Melitastitches4fun's Blog


Woodlawn Needlework Exhibit 2021

Luckily, Woodlawn postponed their Needlework exhibit from March to May due to coronavirus and many people are now vaccinated including my husband and I. Two of the New Jersey Needle Artists, Sue & Rosie, happened to mention that they go down through Delaware, Maryland, and over to Alexandria. We needed a break from staying in Alexandria and decided Annapolis would be a good alternative.

Normally, I keep this post needlepoint related but I love soup and have never seen or heard of two soups being served in the same bowl! So, I had to try it. Being in Maryland, the Boatyard Bar & Grill combined their spicy crab soup with crab bisque. Both were delicious and they stayed separate for most of the time it took me to eat. Amazing!

We had great weather but it was so sunny that the pictures are not all good (they allow glass covered pieces which causes glare unless museum glass is used). I will mention some of the big winners below. All of the winners of awards are listed on their website at: http://www.woodlawnpopeleighey.org/annualneedleworkshow

Unfortunately, the number of submissions took a hit and was down to new all time low of 299. But, it was still a great exhibit. Most pieces were not hung so high that you had a hard time seeing them which has happened before. You enter from a different door and proceed along room to room.

The first room we entered had both my pieces. The Lee’s Flying Cranes Wedding Kimono popped out at us. It got 2nd Place in the Commercial category. This piece was part of an article published in Needle Pointer’s magazine (Mar/Apr 2020 issue). It was compared by a certified judge to a basketweave stitched canvas of the same design. It’s an interesting discussion if you have not read it. Needle Pointers is a publication for ANG members and well worth joining ANG just for the magazine (6 issues per year; https://www.needlepoint.org/page/NeedlePointers)!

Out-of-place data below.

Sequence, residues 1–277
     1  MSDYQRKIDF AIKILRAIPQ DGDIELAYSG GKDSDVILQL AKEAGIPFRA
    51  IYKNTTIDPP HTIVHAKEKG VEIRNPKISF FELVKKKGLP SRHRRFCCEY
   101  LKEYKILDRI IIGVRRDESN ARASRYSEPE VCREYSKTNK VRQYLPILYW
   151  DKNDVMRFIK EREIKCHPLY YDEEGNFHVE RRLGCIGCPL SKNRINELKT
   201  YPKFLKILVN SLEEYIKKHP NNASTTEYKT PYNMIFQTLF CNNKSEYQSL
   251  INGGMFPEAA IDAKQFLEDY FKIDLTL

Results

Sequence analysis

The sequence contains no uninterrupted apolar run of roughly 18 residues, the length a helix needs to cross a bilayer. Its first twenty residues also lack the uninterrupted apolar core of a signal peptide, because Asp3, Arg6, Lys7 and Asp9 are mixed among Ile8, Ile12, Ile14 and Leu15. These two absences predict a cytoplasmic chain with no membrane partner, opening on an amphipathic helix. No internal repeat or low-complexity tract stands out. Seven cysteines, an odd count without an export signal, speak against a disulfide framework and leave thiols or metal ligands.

You can also see the fantastic owl, What R U Lookin’ At III, DDB-006 on the upper right side (one of the few ones up too high to get a good look at which was disappointing). Noelle Drollas, a member of NJNA, stitched it and it is part of an article, A Tale of Two Stitchers, in Needle Pointers (Mar/Apr 2021). Very interesting article. Several members of my Main Line Stitchers chapter are interested in stitching the owl too.

You have to turn around and look in the middle of the couch for my pillow. The last two years there were 2 and 7 original designs entered under Canvaswork Multi-Stitch (4+) Adult. This year there were 5 pieces. Mine is called A Spring Sampler that I had finished into a pillow at Needle Me in Havertown, PA. It is a 9″ x 12″ design and it got 2nd Place (325). No 3rd Place was awarded. Congratulations to Dawn Donnelly for Snow Drifted Pathways (101) for 1st Place and Jeffrey Kulick for Circles and Rustications (472) for Honorable Mention. I don’t feel comfortable sharing photos of original designs without permission of the designer. Dawn’s was a three dimensional all white piece and was very interesting. Here is mine which came about as a result of a design class led by Carolyn Mitchell called Making Stitches Work For You (my stitch and thread choices). Great class if you have a chance to take it.

I usually focus on the Canvaswork: Multi-stitch (4+) and Traditional pieces in the Commercial category. And this year had plenty to offer. I really appreciate the electronic submission process this year because the posted list of entries included the names of the pieces as did the tags. I reviewed the list beforehand and really enjoy seeing some of the designs I am familiar with in person including:

Sudoku Delight by Kathy Rees stitched by Jill Beare (476).

Autumn Crackers by Marilyn Owen stitched by Brenda Cote (439). This was from the 2015 ANG Chapter Project Book and is still in my stash to do!

Blueberry & Lime by Jeanne Polzin stitched by Brenda Cote (440; published in ANG Needle Pointers 2012, Number 3).

Glitz & Glamour Copper by DebBee’s Design stitched by Jeffrey Kulick (471).

ANG Stitch of the Month 2019 Mystery Project by designed by Debbie Rowley, Linda Reinmiller, Mary Knapp, and Pat Hartman which was stitched by several members of the ANG New Jersey Needle Artists Chapter including Sue Chadwick (321), Diane Burgess (323), Rosie Lunde (317), and Linda Mosch (339). They always come up with great colorways! NJNA has a great blog and post regularly (https://blog.njneedleartists.org/). All the information about the project can be found on the ANG website (https://www.needlepoint.org/page/SOTM2019). The last photo also includes Indian Autumn designed by Laura Perin stitched by Sondra Horn (544) which I really like too.

Holiday Patches by Susan Kerndt stitched by Marilyn Prado (201) is beautiful.